“Police suicides and police apathy are two of many issues highlighting a dire need for constructive police reforms within the Royal Thai Police for some time.” Bangkok Post October 14, 2019 The Thai National Police (TNP) are mired in politics and age-old tradition which has contributed to significant tension within the TNP ranks.
As recently as early February, 2020, an embittered Thai police officer went on a rampage in the northern province in Thailand. Over 20 persons were killed in an extremely rare display of public rage and terminal violence. The perpetrator ultimately took his own like as members of the Thai Special Forces moved in.
Dr Ronald Allanach and Dr Michael Sefton are pictured with the Northern Police District Administrator during a meeting 2 weeks before the rampage. There was no sense among the officers we met that tension and despair underlie this outwardly professional police agency. The officers we interviewed were all happy and content with their assignments. There was no sign of the frustration and vulnerability identified in the Bangkok Post report.
Police reform is a problem across America and the world. In Thailand, a centralized police force is overseen by the country’s prime minister who is responsible for naming the chief general who leads the Thai National Police. This is no easy task. Some believe there are complex issues that contribute to the distress felt by police across Thailand. The investigation into the February 2020 rampage is in its early stages but links to conflict between the officer and a higher ranking administrator are being floated. A psychological autopsy would provide added facts to the “red flags” that may have lead up to the terminal event and offer substantive interventions that can reduce the growing problem in The TNP.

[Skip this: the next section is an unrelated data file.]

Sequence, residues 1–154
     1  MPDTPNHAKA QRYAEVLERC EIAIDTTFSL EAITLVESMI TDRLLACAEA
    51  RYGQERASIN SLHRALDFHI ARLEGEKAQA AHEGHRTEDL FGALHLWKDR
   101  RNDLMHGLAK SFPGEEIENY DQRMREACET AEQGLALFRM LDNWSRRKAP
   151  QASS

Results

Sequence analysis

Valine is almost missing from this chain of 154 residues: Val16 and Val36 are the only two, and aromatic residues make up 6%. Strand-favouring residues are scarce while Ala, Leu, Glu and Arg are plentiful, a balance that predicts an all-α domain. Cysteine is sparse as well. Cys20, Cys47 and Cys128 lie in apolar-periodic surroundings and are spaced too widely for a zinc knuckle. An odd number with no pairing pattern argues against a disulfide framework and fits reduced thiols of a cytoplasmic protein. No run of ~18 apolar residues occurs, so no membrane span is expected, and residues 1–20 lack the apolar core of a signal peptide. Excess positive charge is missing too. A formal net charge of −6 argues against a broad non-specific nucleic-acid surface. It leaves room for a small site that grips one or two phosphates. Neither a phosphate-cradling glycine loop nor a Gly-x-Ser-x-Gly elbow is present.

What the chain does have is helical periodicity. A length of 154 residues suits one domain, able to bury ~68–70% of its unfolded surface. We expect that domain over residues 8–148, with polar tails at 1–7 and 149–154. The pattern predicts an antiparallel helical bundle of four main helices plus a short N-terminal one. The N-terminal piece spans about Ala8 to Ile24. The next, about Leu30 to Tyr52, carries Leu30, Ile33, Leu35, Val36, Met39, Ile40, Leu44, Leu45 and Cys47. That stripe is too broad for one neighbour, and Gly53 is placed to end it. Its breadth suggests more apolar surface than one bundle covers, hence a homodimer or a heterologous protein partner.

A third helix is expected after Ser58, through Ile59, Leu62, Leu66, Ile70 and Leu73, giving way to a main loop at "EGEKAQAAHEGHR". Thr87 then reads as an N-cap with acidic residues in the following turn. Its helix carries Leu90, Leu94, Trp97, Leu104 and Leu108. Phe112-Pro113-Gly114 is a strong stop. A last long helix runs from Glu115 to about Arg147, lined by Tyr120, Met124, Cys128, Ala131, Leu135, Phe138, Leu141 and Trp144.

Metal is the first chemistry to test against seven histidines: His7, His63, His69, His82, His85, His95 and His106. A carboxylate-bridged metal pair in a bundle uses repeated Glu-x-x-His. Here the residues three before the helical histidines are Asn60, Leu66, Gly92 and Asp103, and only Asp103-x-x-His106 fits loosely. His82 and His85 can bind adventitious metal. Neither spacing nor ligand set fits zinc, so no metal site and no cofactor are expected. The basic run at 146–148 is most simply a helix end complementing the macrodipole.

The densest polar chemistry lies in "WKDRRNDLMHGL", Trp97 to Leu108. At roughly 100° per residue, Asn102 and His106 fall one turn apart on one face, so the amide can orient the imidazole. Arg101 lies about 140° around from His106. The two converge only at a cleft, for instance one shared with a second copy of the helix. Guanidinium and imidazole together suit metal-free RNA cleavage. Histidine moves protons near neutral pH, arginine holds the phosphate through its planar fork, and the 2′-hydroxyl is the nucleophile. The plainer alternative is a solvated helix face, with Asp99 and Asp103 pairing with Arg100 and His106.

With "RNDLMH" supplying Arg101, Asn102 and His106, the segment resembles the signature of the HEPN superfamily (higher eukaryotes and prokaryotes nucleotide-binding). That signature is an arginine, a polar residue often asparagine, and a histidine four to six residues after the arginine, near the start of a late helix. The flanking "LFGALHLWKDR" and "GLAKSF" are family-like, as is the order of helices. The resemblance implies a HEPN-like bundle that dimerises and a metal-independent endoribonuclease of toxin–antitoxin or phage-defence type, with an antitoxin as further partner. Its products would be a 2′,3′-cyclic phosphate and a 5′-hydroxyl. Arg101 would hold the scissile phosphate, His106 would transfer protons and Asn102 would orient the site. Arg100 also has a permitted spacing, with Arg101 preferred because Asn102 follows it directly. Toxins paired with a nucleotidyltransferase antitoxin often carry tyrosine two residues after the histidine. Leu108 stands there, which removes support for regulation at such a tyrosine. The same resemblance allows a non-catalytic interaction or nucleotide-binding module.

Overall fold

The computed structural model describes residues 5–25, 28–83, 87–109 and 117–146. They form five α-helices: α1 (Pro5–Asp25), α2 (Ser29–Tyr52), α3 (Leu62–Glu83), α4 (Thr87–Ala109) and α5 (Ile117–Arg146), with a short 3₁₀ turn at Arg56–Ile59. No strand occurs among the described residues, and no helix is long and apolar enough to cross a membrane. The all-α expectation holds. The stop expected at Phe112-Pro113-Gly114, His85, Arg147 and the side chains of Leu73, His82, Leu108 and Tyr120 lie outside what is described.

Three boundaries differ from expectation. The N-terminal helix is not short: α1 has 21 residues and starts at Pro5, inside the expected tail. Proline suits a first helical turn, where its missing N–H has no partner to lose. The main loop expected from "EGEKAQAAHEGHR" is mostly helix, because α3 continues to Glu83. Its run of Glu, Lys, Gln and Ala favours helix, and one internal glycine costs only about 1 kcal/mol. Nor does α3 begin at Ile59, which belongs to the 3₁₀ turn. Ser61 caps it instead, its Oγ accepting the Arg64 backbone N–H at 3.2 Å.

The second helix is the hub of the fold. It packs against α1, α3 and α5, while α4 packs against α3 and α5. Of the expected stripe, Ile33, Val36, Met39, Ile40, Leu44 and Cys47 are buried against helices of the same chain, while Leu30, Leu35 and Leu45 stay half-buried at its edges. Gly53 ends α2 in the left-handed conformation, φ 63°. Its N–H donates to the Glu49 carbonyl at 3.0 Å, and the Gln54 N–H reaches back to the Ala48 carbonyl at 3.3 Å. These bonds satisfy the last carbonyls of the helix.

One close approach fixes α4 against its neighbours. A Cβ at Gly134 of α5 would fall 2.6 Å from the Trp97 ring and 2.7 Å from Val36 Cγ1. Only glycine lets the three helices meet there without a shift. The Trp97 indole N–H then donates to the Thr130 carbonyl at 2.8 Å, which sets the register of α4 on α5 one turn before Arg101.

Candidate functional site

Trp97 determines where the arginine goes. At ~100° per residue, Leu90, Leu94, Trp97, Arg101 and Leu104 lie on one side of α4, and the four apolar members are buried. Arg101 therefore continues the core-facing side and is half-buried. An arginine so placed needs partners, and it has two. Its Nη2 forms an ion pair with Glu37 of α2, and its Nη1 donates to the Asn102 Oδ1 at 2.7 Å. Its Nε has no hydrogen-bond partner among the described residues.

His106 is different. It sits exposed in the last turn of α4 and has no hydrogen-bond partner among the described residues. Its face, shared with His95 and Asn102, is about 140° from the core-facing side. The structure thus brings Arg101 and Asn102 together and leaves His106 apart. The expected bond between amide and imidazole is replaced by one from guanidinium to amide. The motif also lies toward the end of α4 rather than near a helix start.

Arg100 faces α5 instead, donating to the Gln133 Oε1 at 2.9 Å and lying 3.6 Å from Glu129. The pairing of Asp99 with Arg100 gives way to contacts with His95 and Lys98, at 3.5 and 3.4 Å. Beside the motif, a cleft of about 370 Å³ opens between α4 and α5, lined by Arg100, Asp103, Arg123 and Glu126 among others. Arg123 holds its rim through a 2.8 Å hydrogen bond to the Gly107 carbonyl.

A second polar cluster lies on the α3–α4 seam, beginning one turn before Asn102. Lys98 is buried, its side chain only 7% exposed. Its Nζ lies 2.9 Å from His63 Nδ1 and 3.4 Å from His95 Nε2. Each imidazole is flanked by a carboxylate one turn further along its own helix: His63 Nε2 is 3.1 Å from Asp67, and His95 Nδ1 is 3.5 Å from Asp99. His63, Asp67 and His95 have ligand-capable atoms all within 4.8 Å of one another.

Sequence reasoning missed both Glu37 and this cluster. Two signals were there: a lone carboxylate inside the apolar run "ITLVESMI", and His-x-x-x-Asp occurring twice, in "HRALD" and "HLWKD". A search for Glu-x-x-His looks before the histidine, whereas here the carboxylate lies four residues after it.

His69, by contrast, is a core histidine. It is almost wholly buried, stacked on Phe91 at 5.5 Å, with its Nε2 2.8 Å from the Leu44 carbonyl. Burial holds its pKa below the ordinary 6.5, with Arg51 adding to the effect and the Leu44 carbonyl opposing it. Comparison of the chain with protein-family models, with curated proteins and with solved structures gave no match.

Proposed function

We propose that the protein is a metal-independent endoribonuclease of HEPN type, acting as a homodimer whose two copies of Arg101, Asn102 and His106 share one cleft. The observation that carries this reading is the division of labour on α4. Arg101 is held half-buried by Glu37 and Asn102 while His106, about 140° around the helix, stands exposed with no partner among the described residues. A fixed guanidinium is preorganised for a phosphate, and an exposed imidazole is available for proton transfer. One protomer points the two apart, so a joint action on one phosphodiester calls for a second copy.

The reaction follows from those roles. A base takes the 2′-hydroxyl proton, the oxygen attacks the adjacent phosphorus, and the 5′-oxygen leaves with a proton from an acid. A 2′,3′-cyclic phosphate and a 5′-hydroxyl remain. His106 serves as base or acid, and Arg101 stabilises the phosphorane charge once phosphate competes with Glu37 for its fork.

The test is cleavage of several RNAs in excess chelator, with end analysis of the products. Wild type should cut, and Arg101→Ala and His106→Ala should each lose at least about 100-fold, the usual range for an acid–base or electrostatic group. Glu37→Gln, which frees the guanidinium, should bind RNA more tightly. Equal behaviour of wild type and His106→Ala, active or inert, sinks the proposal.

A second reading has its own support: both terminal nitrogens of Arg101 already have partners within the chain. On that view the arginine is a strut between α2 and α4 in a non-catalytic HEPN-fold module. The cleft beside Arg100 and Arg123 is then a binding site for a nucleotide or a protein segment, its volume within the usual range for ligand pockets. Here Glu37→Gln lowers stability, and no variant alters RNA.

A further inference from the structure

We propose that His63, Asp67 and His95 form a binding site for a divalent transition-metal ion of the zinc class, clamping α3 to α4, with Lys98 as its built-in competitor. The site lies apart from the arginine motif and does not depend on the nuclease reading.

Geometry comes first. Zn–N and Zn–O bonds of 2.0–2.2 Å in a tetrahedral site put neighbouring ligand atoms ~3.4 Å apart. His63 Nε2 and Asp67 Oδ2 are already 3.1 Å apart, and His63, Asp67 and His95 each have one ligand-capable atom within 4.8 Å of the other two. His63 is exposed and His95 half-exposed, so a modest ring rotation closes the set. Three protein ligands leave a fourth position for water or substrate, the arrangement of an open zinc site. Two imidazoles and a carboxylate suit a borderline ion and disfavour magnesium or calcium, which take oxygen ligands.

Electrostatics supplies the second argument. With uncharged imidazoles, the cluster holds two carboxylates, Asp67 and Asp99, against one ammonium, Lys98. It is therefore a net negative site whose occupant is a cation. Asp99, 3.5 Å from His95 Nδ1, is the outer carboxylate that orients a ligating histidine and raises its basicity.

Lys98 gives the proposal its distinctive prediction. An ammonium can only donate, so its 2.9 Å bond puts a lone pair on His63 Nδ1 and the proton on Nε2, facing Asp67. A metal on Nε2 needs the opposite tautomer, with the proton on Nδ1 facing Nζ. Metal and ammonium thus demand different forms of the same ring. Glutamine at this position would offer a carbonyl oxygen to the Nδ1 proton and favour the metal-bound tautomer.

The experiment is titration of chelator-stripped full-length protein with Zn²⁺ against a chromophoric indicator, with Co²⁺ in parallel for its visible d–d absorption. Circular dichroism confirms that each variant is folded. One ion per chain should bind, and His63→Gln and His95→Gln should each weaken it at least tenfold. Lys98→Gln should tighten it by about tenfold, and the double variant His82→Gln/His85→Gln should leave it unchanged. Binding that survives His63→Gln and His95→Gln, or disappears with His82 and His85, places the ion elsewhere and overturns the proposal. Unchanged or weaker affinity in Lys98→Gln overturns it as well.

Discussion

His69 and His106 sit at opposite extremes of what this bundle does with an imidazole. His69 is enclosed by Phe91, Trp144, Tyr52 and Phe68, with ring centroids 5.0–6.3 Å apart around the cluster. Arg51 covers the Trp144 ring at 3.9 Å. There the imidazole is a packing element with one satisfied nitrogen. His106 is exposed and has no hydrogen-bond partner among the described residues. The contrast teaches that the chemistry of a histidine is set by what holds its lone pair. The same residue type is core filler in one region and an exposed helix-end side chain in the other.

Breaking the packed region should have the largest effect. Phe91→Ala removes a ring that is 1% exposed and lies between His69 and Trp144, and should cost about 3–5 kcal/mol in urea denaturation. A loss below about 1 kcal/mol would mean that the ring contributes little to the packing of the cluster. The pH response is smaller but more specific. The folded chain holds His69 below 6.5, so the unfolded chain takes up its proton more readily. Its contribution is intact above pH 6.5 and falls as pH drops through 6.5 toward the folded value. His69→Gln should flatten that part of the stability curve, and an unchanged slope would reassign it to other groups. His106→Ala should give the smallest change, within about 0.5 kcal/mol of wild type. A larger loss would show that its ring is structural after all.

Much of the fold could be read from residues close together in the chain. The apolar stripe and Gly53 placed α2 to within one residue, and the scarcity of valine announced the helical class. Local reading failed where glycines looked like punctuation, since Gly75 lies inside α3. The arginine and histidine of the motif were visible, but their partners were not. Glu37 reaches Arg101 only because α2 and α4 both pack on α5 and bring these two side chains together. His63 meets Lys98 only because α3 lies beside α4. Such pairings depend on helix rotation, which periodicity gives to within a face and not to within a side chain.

These include officers who are sent to distant police assignments leaving them without the normal emotional and agency supports they need. The pay is low and the trust felt by the TNP from its citizenry is inauspicious at best.
In a 2018 published paper in the Journal of Humanities and Social Sciences by Police Major Thitiwat Yachaima, similar factors affect the levels of stress in Thai police officers as that impacting cops in the United States. This includes work environment, relationship to superior officers and peers, specific work and hours of weekly service, support from family
“Today police morale and emotional health have hit rock bottom, he said, because of a number of factors, including botched policy-making when it comes to their career path that doesn’t take into consideration the officer’s needs and desires.”Bangkok Post December, 2019
The Bangkok Post published an article about police suicide in Thailand. According to the Bangkok Post, “four police officers – based in Chumphon, Chiang Mai, Sing Buri and Kamphaeng Phet – were overwhelmed by stress and took their own lives after being transferred from their home provinces to investigation units in the other provinces.”
More recently, police officers in Thailand have been able to request transfer to their home provinces in an effort to reduce the stress experienced by newly deployed officers and other specialists. There are over five thousand unfilled positions in the investigation units for the Thai National Police. As a result of this shortage, it requires that officers be shared among divisions across the country adding to the stress officers’ experience.
Overall, Thai police are defensive about the underpinnings of officer suicide citing “physical health and personal problems” as a primary source of the problem – not simply job assignment. National police chief Pol Gen Chakthip Chaijinda has recently come under attack from subordinates for making what appeared to be abrupt, politically motivated transfers for those who challenged his authority as he nears retirement age.
What factors need to be examined when looking to reduce police stress in general and to understand factors that are shared among law enforcement officers across societies? A study conducted in 2011 in the Journal of Nursing Science suggested that officers who have self-efficacy and respect from the communities they serve as among the factors that yield the greatest health-related behaviors and personal hardiness.